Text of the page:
Saturday, 28 May 2011

Soundwalk at Arnos Vale - initial impressions

The soundwalk at Arnos Vale today went well, despite technical hitches, more of which later..
Ten people joined me to explore the soundscape of Arnos Vale cemetery in a silent walk around this beautiful site. The weather was damp and windy but pleasant enough for a forty minute walk. I introduced the project and gave some brief instructions on how to do the sound walk. These are summarised in a previous blog posting.

View Arnos Vale Soundwalk in a larger map
Following the soundwalk we retired to the West Lodge to discuss impressions of the walk and to try to map our experiences onto a 3D map of the site using coloured stickers.
We had a very interesting discussion, which is summarised in brief below. I was heartened to hear that the participants seemed to enjoy the experience and find it of value. It was particularly interesting to have Paul and Hazel Sullivan along as they are visually impaired and so were able to bring an unusual acoustic perspective into the discussions.
  • Elaine A - comforting sound of traffic, likes being in the city sounds like the sea fitted in with the setting and noise of treet
  • Lorna - AV is in the city so you can’t expect total quiet but there is tranquility nonetheless more annoyed by traffic moving up the vale
  • Hazel - almost in a trance - like state, focussing on natural sounds
  • Paul the absence of traffic noise made him feel like he could almost see (in 3D), contrasted it with park street. felt like he could find his way around.
  • the cloisters were claustrophobic \ threatening not a nice space
  • Anne - the sound of the trees in the wind masks the traffic noise
  • Lorna - it would be interesting to do the soundwalk in the winter when the sound travels further and there is a distinctive sound of trees and saplings interacting - like wind chimes
  • Hazel - could appreciate the direction of the wind from the sound of the trees moving
  • Aircraft noise ubiquitous but not intrusive
  • There wasn’t anywhere on the site where you couldn’t hear traffic noise
  • Awareness of other senses is heightened, especially smell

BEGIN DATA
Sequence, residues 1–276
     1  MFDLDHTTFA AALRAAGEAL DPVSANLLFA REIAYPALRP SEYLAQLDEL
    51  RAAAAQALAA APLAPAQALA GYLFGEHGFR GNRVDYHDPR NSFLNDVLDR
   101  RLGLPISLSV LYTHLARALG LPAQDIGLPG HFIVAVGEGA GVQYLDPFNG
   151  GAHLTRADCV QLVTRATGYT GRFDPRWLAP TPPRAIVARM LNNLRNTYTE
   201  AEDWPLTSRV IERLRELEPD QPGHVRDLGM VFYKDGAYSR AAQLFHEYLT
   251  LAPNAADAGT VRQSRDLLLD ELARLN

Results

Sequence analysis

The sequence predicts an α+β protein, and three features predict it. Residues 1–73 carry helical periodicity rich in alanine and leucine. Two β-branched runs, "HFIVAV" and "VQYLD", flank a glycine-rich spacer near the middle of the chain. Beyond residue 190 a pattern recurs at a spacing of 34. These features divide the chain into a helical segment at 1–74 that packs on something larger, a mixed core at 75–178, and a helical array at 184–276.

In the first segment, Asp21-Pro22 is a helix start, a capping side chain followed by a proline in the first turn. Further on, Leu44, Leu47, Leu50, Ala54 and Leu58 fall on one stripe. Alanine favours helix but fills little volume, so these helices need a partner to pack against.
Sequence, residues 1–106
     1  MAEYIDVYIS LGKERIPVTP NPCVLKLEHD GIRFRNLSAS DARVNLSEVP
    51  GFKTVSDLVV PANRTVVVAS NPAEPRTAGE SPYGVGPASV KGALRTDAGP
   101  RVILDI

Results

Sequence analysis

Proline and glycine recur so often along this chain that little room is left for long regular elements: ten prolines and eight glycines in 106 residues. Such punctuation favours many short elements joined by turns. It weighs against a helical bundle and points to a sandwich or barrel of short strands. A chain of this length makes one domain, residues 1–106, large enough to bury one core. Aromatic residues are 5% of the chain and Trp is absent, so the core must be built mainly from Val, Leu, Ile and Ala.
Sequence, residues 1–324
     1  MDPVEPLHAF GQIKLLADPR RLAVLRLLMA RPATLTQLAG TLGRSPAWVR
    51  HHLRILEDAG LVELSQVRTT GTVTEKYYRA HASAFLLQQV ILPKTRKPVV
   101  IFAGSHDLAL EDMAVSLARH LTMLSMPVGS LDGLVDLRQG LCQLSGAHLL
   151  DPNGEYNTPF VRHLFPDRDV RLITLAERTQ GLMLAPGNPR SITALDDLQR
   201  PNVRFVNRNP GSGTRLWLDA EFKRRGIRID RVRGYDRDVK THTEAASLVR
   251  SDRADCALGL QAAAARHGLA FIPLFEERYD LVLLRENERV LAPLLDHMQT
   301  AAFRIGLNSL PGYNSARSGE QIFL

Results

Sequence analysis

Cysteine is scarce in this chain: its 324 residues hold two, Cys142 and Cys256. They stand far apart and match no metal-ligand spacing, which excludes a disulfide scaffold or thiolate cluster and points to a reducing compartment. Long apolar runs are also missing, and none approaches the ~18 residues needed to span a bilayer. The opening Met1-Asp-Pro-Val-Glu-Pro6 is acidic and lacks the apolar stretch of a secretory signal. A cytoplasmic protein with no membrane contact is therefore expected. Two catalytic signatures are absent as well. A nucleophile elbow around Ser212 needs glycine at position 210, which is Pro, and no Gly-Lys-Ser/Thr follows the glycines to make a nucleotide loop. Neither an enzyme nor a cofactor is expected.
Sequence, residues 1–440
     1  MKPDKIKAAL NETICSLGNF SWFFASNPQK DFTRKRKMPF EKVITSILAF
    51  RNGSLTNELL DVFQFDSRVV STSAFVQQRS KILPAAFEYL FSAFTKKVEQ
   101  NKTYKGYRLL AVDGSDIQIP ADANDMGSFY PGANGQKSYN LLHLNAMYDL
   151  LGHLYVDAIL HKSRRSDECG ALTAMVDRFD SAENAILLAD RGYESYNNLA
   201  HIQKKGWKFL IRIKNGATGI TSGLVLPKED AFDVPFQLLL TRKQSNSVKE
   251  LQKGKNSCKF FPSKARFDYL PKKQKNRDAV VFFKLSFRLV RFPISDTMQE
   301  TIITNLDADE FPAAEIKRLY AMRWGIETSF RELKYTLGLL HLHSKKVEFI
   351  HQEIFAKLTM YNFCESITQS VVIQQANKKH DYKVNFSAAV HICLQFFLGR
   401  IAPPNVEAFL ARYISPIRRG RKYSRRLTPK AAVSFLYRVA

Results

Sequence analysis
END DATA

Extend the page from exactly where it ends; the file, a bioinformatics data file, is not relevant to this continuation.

• could pick out church bells, dogs barking, bottles clanking, volunteers talking
  • Industrial noise was surprising
  • Steve - greater appreciation of 3d soundscape, particularly from birdsong. Notes the dominance of wrens, blackcaps. Enhanced visual appreciation.
I recorded both the walk itself and the discussion, or rather I thought I had recorded the discussion. I forgot to change the input from the external microphone to the internal mic so had just recorded silence! Anyway I think the notes above capture the essence of the discussion
We moved on to the mapping of the site using the coloured dots.














Red = people
Blue = traffic
Mauve = industry
Green = nature (prominent sounds)

The mapping exercise stimulated a bit of discussion, but I will need to reflect on how valuable this is in terms of understanding the soundscape. Clearly the noise of "people" is quite transient, although further soundwalks could reveal more of a pattern in certain areas, for example where houses back on to the site. Traffic and industry will generally be in the same places, but will vary depending on the hour. Lorna, who works on the site stated that there can be "industrial" noise from the operations on the site, for example when trees are being felled or chipped. I will work on getting the map transferred to a google map. After the mapping I asked people to fill in the questionnaire.
I think the walk was well received by staff at Arnos Vale and they excpressed interest in holding further sound walks for specific groups of visitors. My initial thoughts about the exercise are that it has provided an opportunity for users of the open space to experience, understand, and value the tranquility of the cemetery and that it also has potential as a consultation method when considering the designation of quiet spaces. I will do some further anaysis using results from the questionnaire that participants filled out at the end of the session.

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